La Routine Quotidienne

The subject of la routine quotidienne (daily routine) is one that can be a bit controversial among some of the teachers who make up the #langchat community. There are many who say that daily routine verbs (wake up/take a shower/get dressed) are not high-frequency enough to devote time to, but I disagree; in part because I’m expected by my district to teach these verbs so I might as well make it interesting, but also in part because these verbs help me to better engage with my students in the target language.


For example, the student who is habitually late to first hour can now tell me why in French – My sister showers for too long every morning.

Or when we do our beloved “quoi de neuf?” discussion at the beginning of class, students can start to expand a little more – I’m tired because I have too much homework and go to bed at 2 AM every night.

Likewise, daily routine verbs are a good lead-in to other reflexive/reciprocal verbs that they’ll need later on – like when we talk about health and injuries, and relationships in level three.

While it seems like daily routine verbs might be a little bland and difficult to contextualize, there are some things you can do to spice it up!

The Intro

I typically introduce the daily routine using a simple PowerPoint presentation I put together while I was still in college. I had my roommate take pictures of me in various places around our apartment, going through the motions of a typical day. (They’re silly pictures – in the “I’m taking a shower” scene I’m clearly standing in the shower with all of my clothes on and a towel on my head.) I start out by telling the students that I’m a huge perfectionist, I have a very strict routine, and then I go through the presentation. During this time, I also do some PQA so the students can start to hear the other forms of the verbs and they’re not just stuck listening to “je” all the time.

After I talk about myself during the presentation, I announce dramatically that even though I’m a perfectionnist, I have a terrible roommate who parties at all hours of the night, goes to bed at 2AM, brushes her teeth with my toothbrush, etc. The kids think this is hilarious.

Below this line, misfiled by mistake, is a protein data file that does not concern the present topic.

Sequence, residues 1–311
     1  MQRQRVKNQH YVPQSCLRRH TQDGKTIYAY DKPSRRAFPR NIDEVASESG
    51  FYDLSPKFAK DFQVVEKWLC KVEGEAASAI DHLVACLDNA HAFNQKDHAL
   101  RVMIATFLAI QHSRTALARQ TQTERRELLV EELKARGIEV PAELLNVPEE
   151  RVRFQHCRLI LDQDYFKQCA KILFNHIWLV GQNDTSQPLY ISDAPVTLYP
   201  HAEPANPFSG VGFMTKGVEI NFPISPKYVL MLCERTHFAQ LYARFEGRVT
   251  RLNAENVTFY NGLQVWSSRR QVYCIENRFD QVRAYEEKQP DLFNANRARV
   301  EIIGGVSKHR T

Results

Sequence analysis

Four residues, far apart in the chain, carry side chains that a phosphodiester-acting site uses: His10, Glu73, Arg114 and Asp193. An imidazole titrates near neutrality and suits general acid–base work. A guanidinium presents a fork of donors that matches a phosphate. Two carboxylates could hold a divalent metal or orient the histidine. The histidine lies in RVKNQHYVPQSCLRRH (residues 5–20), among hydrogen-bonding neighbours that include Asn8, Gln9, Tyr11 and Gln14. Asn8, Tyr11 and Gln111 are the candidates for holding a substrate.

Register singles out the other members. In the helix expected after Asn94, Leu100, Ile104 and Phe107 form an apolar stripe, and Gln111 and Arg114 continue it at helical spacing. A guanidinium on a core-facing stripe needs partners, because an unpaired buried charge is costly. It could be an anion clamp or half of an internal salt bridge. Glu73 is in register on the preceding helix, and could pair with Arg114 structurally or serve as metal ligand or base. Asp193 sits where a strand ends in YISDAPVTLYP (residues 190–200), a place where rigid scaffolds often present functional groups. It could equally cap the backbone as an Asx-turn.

When I finish with that, I show the script and highlight a few key sentences that contain both reflexive and non-reflexive verbs, and I ask the students to spend some time trying to figure out what they think it means. They already have a basic knowledge of object pronouns, and so they are pretty quick to understand that in the case of a reflexive verb, the subject is doing the action to itself. In addition to the presentation, co-constructing meaning, we do TPR movements and a lot of PQA, which means at least two full class periods of CI.

The Practice

As I teach high school, moving away from home and living with a roommate is a very real possibility for the vast majority of my students. Having lived with roommates for all of my adult life, I know how tough it can be when your personalities and routines don’t mesh, and how important it is to communicate about those issues so a household can run smoothly.

So, we went on the hunt for roommates! We started with an authentic reading via the website, where people seeking roommates post advertisements and descriptions about what their apartment has to offer, as well as the kind of person they’re looking for. It was a great way to review basic adjectives as well as rooms of the house, which I never spend a lot of time on but the students pick up fairly easily. After we read a few posts, we talked about what makes a good or bad roommate and why it might be important to know the routine of someone you’re living with.

I put together an interview sheet with 5 simple questions, and had the students respond to them first from their own perspective. Then they had to ask the questions of their classmates and record their answers in the appropriate form of il or elle. (My students have a habit of writing down answers verbatim – so, from the je perspective – when interviewing one another.)

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We finished up with a presentational writing in which each student had to pick which of their three partners would be the best roommate and describe why they chose that person.

The Assessment

This week, we’re wrapping up present-tense reflexives with a short assessment based on this Time for Kids article. It’s not totally authentic and I did have to translate it from its original English to French, but it serves the purpose well enough and offers a little cultural context into everyday life in France. I designed an IPA-style reading task and will include a writing extension in which the students imagine that they’ve been asked to write a similar article now from their American perspective, aimed toward a French or francophone audience.

While it’s not the most scintillating subject, I hope I’ve added a little more context and interest to our Daily Routines unit. It may not be a popular choice to include in a proficiency-based World Language curriculum but as it’s a subject I’m required to teach, I’d like to spice it up as much as possible.

Next week we move on to reflexive verbs in the past tense – stay tuned!

6 thoughts on “La Routine Quotidienne

  1. Thanks for the great post! I, too, was surprised about the negative reaction to the idea of a “daily routines” unit. I think this topic is very relevant to students, consistent with ACTFL Can Do statements, lends itself well to cultural comparisons, etc. I appreciate your sharing your ideas and resources, merci!


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